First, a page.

From online gaming to e-commerce, rapid growth witnessed affecting social and economic conditions for women
India’s online economy is developing at a rapid rate, enabled by accelerating digitalization, broadband internet access, and market demand. And it is heartening to see many women at the forefront of this digital boom. Trailblazers in the skill gaming industry such as Winzo co-founder Saumya Singh Rathore and Sequoia’s Public Policy Chief Shweta Rajpal Kohli are a strong testament to the impact that digitization can have for the economic and social empowerment of Indian women.
The rapid growth we are witnessing in online commerce is affecting social and economic conditions for women in developing Asian countries as well as changing the user demographic in countries such as India. Women are increasingly becoming a part of traditional avenues such as online retail as well as sunrise sectors such as online skill gaming and esports.
Notably, women make up nearly 43% of the mobile gaming audience in India.
Covid-19, which has propelled digitization in every aspect of commercial life, has also amplified another key factor that impedes India’s women from accessing the unlimited opportunities that the online economy provides: the gender digital divide. South Asia continues to have the widest mobile gender gaps globally, with the gender digital adoption divide being as high as 82.5 percent in low-income countries. In 2020, the proportion of the total adult female population that owned a smartphone was 25 percent versus 41 percent of adult men.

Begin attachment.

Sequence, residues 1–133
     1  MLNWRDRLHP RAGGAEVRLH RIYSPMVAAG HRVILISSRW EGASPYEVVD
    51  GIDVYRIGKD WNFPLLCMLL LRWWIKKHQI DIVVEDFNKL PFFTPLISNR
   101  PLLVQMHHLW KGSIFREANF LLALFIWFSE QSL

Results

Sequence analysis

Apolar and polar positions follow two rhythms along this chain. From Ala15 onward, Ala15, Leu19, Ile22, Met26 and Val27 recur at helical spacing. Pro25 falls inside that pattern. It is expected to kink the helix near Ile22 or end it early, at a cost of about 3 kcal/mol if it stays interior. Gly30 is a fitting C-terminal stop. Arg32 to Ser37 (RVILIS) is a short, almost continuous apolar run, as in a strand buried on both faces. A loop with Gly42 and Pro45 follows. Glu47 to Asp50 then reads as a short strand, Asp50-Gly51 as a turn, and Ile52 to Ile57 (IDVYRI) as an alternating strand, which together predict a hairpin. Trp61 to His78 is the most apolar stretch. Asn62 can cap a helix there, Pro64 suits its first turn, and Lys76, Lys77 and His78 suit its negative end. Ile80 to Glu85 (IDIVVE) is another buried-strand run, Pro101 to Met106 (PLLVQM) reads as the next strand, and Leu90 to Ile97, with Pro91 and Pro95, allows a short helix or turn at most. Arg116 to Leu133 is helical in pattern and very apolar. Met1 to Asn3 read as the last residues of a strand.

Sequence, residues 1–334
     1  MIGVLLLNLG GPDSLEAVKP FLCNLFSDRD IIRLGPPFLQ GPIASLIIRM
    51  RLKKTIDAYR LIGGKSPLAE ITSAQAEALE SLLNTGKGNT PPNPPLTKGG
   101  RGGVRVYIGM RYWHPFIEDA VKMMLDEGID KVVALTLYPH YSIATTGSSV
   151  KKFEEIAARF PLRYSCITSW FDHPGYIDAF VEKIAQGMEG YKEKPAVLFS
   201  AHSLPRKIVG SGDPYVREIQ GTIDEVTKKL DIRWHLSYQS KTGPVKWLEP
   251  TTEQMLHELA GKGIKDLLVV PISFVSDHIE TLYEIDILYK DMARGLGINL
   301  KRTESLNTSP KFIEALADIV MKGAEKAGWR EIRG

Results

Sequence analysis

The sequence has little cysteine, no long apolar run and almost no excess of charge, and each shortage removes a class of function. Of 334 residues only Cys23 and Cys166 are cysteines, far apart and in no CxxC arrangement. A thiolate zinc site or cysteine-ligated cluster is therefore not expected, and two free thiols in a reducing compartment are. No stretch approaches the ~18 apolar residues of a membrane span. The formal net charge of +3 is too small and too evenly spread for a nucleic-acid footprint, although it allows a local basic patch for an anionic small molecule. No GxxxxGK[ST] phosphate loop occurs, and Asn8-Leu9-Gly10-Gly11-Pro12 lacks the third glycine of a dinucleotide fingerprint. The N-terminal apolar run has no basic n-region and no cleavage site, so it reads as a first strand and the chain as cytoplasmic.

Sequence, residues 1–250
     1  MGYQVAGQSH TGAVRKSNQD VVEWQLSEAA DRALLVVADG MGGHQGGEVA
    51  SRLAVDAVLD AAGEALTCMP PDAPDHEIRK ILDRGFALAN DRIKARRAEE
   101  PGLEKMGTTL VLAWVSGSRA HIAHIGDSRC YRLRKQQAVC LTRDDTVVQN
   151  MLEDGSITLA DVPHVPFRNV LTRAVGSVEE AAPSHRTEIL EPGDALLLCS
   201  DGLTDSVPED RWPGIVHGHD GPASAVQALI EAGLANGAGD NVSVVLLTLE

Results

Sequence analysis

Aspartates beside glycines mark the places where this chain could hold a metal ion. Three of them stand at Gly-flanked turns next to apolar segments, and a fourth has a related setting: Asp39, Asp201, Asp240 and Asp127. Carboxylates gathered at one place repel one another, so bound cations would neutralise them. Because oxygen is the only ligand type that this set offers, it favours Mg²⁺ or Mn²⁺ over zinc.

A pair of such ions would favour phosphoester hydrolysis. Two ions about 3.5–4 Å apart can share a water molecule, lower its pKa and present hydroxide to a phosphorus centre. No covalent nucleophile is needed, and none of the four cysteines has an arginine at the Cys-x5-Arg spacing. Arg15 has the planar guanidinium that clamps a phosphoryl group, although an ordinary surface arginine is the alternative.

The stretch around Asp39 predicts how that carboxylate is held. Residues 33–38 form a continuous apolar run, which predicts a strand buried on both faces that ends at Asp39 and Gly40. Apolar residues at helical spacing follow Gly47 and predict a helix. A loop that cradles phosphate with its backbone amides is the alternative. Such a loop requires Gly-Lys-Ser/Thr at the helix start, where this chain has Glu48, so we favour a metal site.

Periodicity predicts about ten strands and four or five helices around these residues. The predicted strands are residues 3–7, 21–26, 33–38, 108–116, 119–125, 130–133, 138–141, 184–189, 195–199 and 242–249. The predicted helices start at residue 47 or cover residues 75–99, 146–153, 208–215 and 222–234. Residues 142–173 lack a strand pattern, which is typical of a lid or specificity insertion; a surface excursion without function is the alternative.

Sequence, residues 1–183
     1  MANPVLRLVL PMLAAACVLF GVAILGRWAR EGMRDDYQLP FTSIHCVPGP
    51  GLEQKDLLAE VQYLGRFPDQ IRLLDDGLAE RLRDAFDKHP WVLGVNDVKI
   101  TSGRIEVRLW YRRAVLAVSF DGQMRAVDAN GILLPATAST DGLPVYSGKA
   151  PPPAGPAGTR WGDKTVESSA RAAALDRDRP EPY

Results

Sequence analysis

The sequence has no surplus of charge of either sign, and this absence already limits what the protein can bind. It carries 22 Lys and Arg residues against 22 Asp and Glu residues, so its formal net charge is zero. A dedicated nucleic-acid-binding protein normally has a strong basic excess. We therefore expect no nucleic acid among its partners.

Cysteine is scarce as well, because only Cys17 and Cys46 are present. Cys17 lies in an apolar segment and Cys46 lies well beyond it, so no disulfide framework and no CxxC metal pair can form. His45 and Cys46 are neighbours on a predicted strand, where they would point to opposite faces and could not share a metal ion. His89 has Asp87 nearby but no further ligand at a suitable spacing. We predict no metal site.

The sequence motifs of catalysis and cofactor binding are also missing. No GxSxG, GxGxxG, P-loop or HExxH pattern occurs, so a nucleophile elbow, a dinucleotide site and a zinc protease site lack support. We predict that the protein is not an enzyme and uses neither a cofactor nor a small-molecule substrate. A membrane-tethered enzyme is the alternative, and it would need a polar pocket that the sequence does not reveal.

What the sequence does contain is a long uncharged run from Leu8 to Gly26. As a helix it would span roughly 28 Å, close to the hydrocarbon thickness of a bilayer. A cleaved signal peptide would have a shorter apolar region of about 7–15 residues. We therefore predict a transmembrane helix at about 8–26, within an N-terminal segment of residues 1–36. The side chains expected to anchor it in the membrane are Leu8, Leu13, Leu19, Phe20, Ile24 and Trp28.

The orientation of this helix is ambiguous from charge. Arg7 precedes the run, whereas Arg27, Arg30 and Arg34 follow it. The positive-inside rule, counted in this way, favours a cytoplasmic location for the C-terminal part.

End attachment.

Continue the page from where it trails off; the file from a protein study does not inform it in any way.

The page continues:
A conducive ecosystem for onboarding women into India’s online economy is therefore crucial to their economic empowerment. It will allow them to take advantage of flexible work arrangements to balance work and caregiving responsibilities and offer financial security through an additional source of income. In addition, the relatively low entry barriers mean that female entrepreneurship can prosper.For women to have greater representation, it is imperative that we break the stereotypes regarding their leadership style.
Women should not be bundled into stereotypes of being ‘too bossy’, ‘too soft’ or ‘a queen’ – traits which are rarely, if at all, associated with male counterparts or easily discounted
Notions such as these feed into the dominant narrative of women being incapable of being complete professionals, which undermines their leadership. Further, there is a need to include females in top roles in verticals such as tech development and product management, where they are conspicuously underrepresented. While most organizations today have formulated internal policies that empower female thought leaders and make them integral players in the company’s growth story, it is equally incumbent on every working professional to cultivate a holistic and unbiased perspective on what it means to be a female leader.
It is hoped that by next year the online skill gaming industry will see more female representation in leadership roles, to make the industry truly democratic. While we are building products for women, it will be truly significant to see them built by women as well!
[author title=”Namratha Swamy” image=”http://”]Namratha is the Mobile Premier League’s Country Head for India. She is the owner of the P&L and is in charge of the total business in India.[/author]